Results:

 

Most of the targeted compounds were present at measurable levels. For those that were measurable, the ETS emissions ranged from 0.01 micrograms/cigarette for N-nitrosopyrrolidine to 2,200 micrograms/cigarette for acetaldehyde. For the few pollutants that had been measured in ETS in other studies, the emissions were generally in good agreement with those reported by other investigators. ETS emissions for some of the compounds are listed in Table 1.

ETS emissions were fairly consistent among the different cigarette brands, even when "regular" cigarettes were compared to mentholated and "light" cigarettes. Concentrations of all but four of the VOCs and aldehydes remained stable over the course of the ETS monitoring period: they showed no appreciable evidence of losses due to chemical reactions. Concentrations of the four VOCs with the lowest vapor pressures (m,p-cresol, o-cresol, phenol, and 3-vinylpyridine) appeared to decrease with time, probably due to deposition on the chamber surfaces. Two compounds (pyridine and pyrrole) emerged as potentially useful tracers for the more volatile components of ETS. ETS emissions values measured for most of the compounds were higher than those measured in fresh sidestream smoke; this was surmised to be due to greater surface losses and chemical reaction losses in the sidestream smoke apparatus and to different combustion conditions in the sidestream smoke apparatus. Exceptions were nicotine and particle emission values, which were higher in fresh sidestream smoke.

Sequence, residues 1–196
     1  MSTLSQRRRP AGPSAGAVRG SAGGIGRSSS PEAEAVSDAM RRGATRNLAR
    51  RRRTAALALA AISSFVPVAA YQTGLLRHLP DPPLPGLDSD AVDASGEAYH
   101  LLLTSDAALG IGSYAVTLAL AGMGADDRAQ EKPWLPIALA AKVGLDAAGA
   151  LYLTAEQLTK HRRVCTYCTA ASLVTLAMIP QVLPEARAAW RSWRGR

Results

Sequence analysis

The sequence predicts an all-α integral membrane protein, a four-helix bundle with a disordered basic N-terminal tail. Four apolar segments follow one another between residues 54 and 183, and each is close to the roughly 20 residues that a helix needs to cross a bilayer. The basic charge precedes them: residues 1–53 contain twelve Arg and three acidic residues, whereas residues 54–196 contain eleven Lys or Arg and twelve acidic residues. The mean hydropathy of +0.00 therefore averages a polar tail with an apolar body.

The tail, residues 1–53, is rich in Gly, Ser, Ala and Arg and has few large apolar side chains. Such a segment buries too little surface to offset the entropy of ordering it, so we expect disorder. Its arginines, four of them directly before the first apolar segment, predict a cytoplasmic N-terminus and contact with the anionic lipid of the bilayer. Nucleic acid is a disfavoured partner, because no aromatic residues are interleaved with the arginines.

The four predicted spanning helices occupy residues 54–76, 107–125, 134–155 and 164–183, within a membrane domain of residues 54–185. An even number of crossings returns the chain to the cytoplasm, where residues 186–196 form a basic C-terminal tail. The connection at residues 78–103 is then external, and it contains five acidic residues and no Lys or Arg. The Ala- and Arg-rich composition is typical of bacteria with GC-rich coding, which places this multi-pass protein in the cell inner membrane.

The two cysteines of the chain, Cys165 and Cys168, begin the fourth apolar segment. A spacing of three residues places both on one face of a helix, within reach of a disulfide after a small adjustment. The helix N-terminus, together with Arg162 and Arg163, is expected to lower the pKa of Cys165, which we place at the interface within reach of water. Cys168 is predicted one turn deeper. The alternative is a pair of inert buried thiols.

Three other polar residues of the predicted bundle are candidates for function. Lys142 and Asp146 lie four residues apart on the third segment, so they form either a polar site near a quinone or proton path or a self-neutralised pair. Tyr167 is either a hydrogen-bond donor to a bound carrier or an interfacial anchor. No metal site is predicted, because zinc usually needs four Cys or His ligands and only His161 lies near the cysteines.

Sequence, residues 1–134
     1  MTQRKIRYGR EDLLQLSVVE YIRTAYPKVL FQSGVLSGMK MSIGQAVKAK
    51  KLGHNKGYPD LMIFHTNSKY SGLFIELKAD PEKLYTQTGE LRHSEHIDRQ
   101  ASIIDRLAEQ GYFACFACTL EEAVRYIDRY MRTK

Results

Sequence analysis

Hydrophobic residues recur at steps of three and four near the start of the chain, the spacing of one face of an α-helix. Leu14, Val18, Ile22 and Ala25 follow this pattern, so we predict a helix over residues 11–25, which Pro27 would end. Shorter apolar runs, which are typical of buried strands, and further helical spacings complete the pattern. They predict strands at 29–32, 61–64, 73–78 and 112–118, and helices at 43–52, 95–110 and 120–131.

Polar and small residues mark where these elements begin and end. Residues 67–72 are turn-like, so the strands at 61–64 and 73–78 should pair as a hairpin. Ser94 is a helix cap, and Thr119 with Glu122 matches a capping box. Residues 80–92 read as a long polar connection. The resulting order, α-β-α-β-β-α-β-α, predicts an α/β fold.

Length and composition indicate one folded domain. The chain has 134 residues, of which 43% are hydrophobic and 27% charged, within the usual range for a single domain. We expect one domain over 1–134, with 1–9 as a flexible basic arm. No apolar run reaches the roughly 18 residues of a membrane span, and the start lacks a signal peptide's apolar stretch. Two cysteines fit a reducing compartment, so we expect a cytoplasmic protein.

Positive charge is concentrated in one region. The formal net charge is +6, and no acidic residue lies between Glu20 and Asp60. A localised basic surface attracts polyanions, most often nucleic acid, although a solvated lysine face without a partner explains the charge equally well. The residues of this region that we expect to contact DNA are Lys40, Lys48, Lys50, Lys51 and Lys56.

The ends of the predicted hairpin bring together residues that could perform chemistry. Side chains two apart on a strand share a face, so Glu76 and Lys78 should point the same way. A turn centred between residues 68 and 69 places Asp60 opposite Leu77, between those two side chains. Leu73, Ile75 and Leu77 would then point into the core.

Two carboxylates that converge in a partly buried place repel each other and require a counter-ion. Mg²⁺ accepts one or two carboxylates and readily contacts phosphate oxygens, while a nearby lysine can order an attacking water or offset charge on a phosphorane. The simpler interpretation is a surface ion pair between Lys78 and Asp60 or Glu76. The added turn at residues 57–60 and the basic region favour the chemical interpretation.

Table 1.
ETS Emissions for Selected Compounds

 

 

COMPOUND

 
 

acetaldehyde

 
 

benzene

 
 

1,3-butadiene

 
 

2-butanone

 
 

formaldehyde

 
 

N-nitrosodimethylamine

 
 

styrene

 
 

toluene

 
 

particles (PM2.5)

 
 

nicotine

 

EMISSIONS

 

(µg181g/cigarette)

 
 

2,200

 
 

410

 
 

150

 
 

290

 
 

1,300

 
 

0.57

 
 

150

 
 

660

 
 

8,100

 
 

920

 

(µg181g/mg of tobacco)

 
 

3.3

 
 

0.63

 
 

0.24

 
 

0.45

 
 

2.0

 
 

0.00088

 
 

0.23

 
 

1.0

 
 

12.0

 
 

1.4

 

 

Significance and Application:

 
 

Related Projects:

 

This study provides unique information regarding the ETS emissions of a number of toxic pollutants, many of which have been designated by the ARB as toxic air contaminants. The fact that this is the only study of ETS emissions performed specifically on the most popular cigarette brands in California makes its results particularly relevant for ARB's needs. Moreover, by testing cigarettes that reflect recent changes in cigarette manufacturing processes, this study updates the very limited ETS data that were previously available. ARB will use the information obtained in this study to improve estimates of Californians' exposures to toxic air pollutants.

 
 

The ARB is funding a study to use the ETS emissions data in mathematical models to estimate Californians' recent and future exposures to selected toxic air contaminants emitted from cigarette smoke. One of the models to be used, called the California Population Indoor Exposure Model, was developed under ARB sponsorship.

 

 This research was conducted under contract with Lawrence Berkeley Laboratory (ARB Contract No. A133-186). Comments or questions can be directed to the contract manager, Nancy Hughett, by mail, FAX (916) 322-4357, phone (916) 000, or e-mail: nhughett@arb.ca.gov. For an index of Research Notes, call (916) 445-0753 or FAX (916) 322-4357.

 

 Copies of the research report upon which this Note is based can be ordered from:

National Technical Information Service
5285 Port Royal Rd
Springfield VA 22161
Request NTIS No. DE95-006717

 

 Title: Toxic Volatile Organic Compounds in Environmental Tobacco Smoke: Emission Factors for Modeling Exposures of California Populations

 Author(s): J.M. Daisey, K.R.R. Mahanama, and A.T. Hodgson